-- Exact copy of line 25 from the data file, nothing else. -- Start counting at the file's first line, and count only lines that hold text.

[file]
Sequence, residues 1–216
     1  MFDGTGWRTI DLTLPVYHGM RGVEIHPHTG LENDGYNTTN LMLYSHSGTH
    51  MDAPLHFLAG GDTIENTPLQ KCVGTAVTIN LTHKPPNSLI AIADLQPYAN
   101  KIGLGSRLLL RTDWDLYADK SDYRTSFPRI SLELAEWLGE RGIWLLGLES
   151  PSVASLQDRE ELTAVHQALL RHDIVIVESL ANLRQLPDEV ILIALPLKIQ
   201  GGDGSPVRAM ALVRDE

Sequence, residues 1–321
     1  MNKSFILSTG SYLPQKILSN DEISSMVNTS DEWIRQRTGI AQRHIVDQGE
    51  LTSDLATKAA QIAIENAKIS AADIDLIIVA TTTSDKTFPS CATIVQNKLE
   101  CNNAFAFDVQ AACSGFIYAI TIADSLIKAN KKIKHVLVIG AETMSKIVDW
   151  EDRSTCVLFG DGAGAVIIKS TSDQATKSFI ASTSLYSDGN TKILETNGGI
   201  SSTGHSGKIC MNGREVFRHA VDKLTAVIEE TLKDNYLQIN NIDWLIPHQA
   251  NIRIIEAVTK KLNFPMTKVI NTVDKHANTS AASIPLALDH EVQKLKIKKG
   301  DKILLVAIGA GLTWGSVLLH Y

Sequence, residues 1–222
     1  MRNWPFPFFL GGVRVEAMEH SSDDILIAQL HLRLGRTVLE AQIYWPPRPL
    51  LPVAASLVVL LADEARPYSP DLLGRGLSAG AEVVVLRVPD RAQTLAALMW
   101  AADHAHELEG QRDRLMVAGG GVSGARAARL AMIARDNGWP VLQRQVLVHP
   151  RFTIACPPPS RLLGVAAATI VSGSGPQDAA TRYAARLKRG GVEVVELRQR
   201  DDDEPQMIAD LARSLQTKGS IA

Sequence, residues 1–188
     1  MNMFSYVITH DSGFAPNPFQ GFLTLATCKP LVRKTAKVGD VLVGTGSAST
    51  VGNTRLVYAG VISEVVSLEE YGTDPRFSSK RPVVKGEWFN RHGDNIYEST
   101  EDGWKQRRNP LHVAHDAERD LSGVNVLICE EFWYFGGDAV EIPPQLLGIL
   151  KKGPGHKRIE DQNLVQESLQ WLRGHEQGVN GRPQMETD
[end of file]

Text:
   151  KKGPGHKRIE DQNLVQESLQ WLRGHEQGVN GRPQMETD